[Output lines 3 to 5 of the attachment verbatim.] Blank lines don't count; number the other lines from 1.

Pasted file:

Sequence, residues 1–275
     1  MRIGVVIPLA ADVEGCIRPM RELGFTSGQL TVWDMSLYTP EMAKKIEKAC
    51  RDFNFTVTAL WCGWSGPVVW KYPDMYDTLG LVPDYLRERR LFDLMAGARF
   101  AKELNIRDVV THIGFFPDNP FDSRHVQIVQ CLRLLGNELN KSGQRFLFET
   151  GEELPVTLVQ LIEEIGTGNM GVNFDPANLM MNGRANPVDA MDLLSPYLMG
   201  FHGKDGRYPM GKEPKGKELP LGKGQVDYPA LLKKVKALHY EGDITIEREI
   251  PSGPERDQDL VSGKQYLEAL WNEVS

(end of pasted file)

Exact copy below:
    51  RDFNFTVTAL WCGWSGPVVW KYPDMYDTLG LVPDYLRERR LFDLMAGARF
   101  AKELNIRDVV THIGFFPDNP FDSRHVQIVQ CLRLLGNELN KSGQRFLFET
   151  GEELPVTLVQ LIEEIGTGNM GVNFDPANLM MNGRANPVDA MDLLSPYLMG